The St Johns's river ferry in Mayport faces extinction if the city subsidy of $200,000 matched by a similar amount from the state were to expire the private corporation running the service says it will close which would not be good for the residents as there is no other way across the river if they don't pay the six dollar vehicle fee to ride the boat. It's a nice boat too, leaving the southern shore at the top and bottom of the hour for the five minute ride, the loading up on the northern shore and returning across the river at fifteen and forty five. Every hour every day from early morning to early evening the ferry runs with room for a couple of dozen cars or more. My wife wanted to take the coast road back even though it was after dark, and she was right because it was very lovely as we waited for the ferry to come back to the north shore of the St John's river.
We were the front car in the line to board and as there was nothing much to see and it was cold out, below sixty degrees with a breeze, we sat in the car on the front of the ferry...
...and these two dudes strolled up the rail and started chatting. At first I thought they were deckhands but as I listened, and they weren't whispering so I couldn't help but listen, I understood they were passengers.
"I counted thirty five pelicans," Guy Number One in the knitted cap said to Guy Number Two in the other knitted cap. He was looking at the pelicans roosting on the sea wall next to the ferry landing. "I haben't been over to the other side to count them," he added.
"That's a lot of pelicans," Number Two commented helpfully.
"I'm surprised they stay around with that guy being all animated and such" said Guy Number One.
"Yeah," Guy Number Two said, and I knew immediately who was the subject of that remark. At first we thought it was some by-product of working Thanksgiving Day, but apparently the deckhand is always as animated as we saw him. He directed traffic onto the boat at one end and rode over the river proceeding to then direct traffic off the boat. He danced, waved his arms, twirled, hopped and cackled loudly while directing the drivers.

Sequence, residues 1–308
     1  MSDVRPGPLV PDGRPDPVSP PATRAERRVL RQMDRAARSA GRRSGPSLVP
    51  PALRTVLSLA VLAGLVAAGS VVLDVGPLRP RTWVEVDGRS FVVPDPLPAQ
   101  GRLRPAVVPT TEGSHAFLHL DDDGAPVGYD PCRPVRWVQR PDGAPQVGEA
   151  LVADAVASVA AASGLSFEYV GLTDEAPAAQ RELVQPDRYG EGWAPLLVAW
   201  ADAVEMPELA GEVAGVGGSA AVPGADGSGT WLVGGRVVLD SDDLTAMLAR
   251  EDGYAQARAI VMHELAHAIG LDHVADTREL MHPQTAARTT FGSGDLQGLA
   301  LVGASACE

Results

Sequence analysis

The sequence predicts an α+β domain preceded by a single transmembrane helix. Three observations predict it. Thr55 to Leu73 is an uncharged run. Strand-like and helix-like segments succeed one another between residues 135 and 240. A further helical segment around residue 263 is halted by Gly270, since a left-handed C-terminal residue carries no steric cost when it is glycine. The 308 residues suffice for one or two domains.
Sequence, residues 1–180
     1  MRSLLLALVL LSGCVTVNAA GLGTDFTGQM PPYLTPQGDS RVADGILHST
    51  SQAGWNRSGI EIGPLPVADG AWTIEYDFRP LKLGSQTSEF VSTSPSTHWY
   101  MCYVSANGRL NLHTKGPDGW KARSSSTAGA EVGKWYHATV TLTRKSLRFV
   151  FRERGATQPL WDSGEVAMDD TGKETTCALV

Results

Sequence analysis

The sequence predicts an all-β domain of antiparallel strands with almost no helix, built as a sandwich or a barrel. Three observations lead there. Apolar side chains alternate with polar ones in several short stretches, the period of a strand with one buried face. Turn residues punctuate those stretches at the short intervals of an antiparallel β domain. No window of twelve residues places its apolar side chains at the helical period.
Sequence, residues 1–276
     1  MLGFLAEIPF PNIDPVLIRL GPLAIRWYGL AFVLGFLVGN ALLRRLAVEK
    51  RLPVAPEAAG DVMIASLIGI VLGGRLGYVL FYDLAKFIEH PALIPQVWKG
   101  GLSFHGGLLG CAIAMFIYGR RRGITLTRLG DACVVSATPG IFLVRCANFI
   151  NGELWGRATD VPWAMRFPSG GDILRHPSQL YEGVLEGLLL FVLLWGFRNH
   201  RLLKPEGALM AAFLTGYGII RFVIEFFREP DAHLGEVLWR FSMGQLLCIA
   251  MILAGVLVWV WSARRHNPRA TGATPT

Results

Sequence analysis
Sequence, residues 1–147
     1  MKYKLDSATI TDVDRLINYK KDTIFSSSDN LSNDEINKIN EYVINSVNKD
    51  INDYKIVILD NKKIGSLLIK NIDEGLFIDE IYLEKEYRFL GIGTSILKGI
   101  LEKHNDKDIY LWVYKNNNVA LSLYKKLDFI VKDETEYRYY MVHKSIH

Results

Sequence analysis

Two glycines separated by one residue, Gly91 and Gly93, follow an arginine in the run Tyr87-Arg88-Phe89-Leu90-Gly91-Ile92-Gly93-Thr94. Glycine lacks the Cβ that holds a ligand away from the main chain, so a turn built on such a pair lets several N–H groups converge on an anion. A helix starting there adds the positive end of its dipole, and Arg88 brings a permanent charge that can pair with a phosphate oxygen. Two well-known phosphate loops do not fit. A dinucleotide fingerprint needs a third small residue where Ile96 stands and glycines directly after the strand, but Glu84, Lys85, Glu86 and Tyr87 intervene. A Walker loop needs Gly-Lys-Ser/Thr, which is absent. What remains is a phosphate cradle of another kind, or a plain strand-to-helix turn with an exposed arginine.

"He's been like that ever since I can remember," Number One said, "ever since I rode the ferry as a kid," which means a long time as he looked to be in his late thirties the guy on the left in the photo above. Apparently the deck hand is quite the character amongst locals. "Never have talked to him," Number atwo replied. Then Number Aone changed the subject. "I saw a dolphin out here," he remarked looking over the side into the black waters. "I wonder if they sleep" he pondered as Guy Number Two hunched his back against the cold breeze. "I wonder how they sleep" Guy Number Aone went on, musing as if to himself. There was no answer because by now the ferry had arrived and nudged up to the dock on the Mayport side of the river. The animated deckhand, subject of the conversation, danced I to view to remove the netting blocking the nose of the ferry.